I subscribe to the Horse Network and a little while ago the story of Harry and Snowman showed up in my inbox. I don’t think I had ever heard or read about this amazing duo before that email appeared. I decided it would make a great blog post because it is a great story. In fact, it is such an awesome story that there is a movie about them as well.
Let me start by sharing the first paragraph talking about the film on the website, harryandsnowman.com.
Dutch immigrant, Harry deLeyer, journeyed to the United States after World War II and developed a transformative relationship with a broken down Amish plow horse he rescued off a slaughter truck bound for the glue factory. Harry paid eighty dollars for the horse and named him Snowman. In less than two years, Harry & Snowman went on to win the triple crown of show jumping, beating the nations blue bloods. They were famous for their day and traveled around the world together. Their chance meeting at a Pennsylvania horse auction saved them both and crafted a friendship that lasted a lifetime. Eighty-six year old Harry tells their Cinderella love story firsthand, as he continues to train on today’s show jumping circuit.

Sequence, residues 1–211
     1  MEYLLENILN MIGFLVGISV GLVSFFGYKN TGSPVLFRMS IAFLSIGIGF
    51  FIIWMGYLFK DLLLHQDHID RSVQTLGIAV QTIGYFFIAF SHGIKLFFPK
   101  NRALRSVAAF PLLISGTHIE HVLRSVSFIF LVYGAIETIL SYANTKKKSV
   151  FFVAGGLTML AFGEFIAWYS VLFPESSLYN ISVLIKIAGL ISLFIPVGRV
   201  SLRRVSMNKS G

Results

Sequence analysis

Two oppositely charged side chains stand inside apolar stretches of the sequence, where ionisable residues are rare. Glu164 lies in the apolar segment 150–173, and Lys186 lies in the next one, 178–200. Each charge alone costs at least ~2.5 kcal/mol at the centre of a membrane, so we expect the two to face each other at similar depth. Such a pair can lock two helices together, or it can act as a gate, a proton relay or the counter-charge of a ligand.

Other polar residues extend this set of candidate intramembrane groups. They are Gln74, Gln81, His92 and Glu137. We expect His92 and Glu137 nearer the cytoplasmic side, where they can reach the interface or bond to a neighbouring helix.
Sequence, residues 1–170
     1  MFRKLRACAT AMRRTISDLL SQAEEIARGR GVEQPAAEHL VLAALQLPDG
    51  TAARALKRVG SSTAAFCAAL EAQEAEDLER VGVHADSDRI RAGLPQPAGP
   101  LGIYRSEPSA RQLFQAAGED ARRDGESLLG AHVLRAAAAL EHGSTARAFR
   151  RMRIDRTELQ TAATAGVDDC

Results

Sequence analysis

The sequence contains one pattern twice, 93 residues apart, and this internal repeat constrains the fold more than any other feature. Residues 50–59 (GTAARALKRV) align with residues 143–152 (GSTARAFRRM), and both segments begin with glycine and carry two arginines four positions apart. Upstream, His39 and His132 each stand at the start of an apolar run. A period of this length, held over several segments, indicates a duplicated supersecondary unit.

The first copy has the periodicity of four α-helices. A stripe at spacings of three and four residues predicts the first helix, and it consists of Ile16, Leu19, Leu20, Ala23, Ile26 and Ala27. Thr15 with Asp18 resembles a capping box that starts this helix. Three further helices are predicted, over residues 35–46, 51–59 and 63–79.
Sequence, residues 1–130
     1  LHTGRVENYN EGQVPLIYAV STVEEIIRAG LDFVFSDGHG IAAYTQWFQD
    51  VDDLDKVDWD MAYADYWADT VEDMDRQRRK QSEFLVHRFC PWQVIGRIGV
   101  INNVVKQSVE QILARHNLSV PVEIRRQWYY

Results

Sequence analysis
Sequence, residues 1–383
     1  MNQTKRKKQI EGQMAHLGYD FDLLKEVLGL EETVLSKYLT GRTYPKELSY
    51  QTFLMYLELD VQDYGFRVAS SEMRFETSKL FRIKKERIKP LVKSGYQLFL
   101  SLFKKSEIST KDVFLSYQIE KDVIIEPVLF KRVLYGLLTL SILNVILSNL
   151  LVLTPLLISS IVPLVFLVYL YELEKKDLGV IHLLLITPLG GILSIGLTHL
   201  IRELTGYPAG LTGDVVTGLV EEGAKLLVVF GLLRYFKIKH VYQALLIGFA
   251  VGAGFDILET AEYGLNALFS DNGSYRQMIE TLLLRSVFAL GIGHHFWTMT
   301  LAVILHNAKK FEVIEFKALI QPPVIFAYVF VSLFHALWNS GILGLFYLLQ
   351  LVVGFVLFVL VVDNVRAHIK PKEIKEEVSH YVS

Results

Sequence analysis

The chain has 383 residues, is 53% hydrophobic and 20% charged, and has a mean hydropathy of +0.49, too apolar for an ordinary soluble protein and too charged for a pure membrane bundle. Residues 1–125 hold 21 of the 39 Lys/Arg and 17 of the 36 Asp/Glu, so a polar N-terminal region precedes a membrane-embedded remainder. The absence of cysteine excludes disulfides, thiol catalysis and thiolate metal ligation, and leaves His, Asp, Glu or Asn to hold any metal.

The film is available for free on Amazon Prime video (with ads!) and Alan and I watched it a couple of weeks ago. As the above paragraph states, Harry narrated the story himself, at the ripe old age of 86. Harry died in June of 2021.
Life in Holland during World War II
Harry was born in Holland and was 12 years old when World War II began. Harry’s school was closed and turned into a concentration camp. As the years passed, Harry and his father became active with the underground resistance. Harry remembers hiding Allied soldiers from the enemy by hiding them under horse and cow manure.
Additionally, Harry would take the farm’s horses out into the countryside, find wounded soldiers, bring them home and fix them up, and then send them back to the frontlines. However, not all of the pilots survived. Harry sent one young man’s dog tags to his parents in North Carolina. That good deed eventually came back around to Harry…
When the Nazis came through the area, they took all of the good horses from the local residents. Later, Harry found over a 1000 horses abandoned and many were in very poor shape. He rescued them all.
Emigration to the United States